Solar company fined after breaking ‘cooling off’ laws (Polaris Solar Pty Ltd)

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A solar company has been fined a total of $15,000 by the Midland Magistrates Court for breaking laws relating to the rights of consumers to a cooling off period and for making a false or misleading representation on promotional leaflets.

Polaris Solar Pty Ltd (in liquidation) was convicted on 16 November 2015 of committing four offences against the Australian Consumer Law (ACL) for failing to comply with a number of requirements concerning a ten day cooling off period after contacting two consumers at their Aveley home in February 2013 as part of a telemarketing campaign.

Three days after being contacted, a sales representative from the company visited the consumers at their home where a contract for the supply and installation of solar panels was signed and credit card details were obtained. A $1,000 deposit was deducted from the credit card account the following day.

The company’s offences against the ACL involved  failing to inform the consumers about their right to terminate the contract during the cooling off period, failing to give them instructions about how they could cancel the contract within that period and by accepting the $1000 deposit payment before the cooling off period expired.

Polaris Solar Pty Ltd was also convicted of committing an offence against the ACL for making a false or misleading representation by printing the logo of the Housing Industry Association on promotional leaflets distributed in the Willetton area, while the company was not a member of the HIA.

The Magistrate ordered the company, which went into liquidation in May 2014 and has ceased trading, to pay costs of $1,200.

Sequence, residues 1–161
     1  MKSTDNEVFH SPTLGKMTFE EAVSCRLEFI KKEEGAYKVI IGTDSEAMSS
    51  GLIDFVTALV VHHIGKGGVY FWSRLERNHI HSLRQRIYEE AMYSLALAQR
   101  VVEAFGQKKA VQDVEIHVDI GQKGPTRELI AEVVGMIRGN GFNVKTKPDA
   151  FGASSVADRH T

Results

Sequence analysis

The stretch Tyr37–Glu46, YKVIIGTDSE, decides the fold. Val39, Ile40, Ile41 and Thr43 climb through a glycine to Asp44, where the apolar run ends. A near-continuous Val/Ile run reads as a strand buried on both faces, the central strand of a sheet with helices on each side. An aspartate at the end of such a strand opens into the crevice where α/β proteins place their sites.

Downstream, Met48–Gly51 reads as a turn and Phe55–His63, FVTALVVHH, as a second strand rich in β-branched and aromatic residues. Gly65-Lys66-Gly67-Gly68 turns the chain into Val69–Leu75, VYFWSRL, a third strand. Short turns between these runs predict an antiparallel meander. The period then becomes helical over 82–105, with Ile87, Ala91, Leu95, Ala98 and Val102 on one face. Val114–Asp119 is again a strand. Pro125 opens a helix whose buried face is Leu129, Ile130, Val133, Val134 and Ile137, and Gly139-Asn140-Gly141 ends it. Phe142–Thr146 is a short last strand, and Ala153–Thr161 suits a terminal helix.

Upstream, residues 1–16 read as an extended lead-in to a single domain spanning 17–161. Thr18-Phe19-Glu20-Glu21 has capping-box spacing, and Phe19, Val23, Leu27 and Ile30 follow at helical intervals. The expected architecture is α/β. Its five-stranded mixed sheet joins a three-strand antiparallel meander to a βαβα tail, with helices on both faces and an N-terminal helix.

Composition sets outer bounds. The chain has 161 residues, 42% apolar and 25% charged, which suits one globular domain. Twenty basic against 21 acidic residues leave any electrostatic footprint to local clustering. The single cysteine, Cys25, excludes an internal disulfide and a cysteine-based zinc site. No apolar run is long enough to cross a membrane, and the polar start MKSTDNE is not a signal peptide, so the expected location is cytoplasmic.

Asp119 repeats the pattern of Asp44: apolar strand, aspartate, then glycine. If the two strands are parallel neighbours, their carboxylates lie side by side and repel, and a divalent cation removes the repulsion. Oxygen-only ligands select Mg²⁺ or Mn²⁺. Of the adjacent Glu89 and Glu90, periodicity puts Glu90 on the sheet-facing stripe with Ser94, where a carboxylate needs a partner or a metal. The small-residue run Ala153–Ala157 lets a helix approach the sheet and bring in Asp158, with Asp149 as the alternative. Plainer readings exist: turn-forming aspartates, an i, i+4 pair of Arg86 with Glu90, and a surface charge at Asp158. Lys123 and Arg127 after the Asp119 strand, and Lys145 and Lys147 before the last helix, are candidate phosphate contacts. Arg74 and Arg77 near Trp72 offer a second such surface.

Acting Commissioner for Consumer Protection Gary Newcombe said companies and their sales staff that approach consumers uninvited should be aware of their obligations under the ACL.

“There are clear rules set out by the ACL which traders and their sales staff must follow when approaching consumers without a direct invitation,” Mr Newcombe said.

“If sales representatives are approaching consumers uninvited, companies should ensure that their staff are properly trained and informed about the laws relating to unsolicited consumer agreements. They should also ensure their contracts have the necessary information relating to the consumer’s right to cancel within the ten business day cooling off period.

“Consumers should also be aware that they can exercise their right to cancel a contract during the cooling off period if they have been approached uninvited and are having second thoughts about their purchase.

“If a sales agent is invited to a consumer’s home, but only to supply a quote, these laws still apply. Only if a consumer invites a sales agent knowing that they are prepared to sign a contract, can money change hands and the goods or services be delivered without a cooling off period.

“It is also a serious offence for a company to mislead consumers by using the logo of a professional association in their advertising when they do not have current membership of that association.”

More information on unsolicited consumer agreements, or door to door trading, is available at General information on the ACL is available at Enquiries can be made by contacting Consumer Protection by email: or by calling 1300 30 40 54.


Media contact (Consumer Protection)

Consumer Protection
Media release
17 Nov 2015

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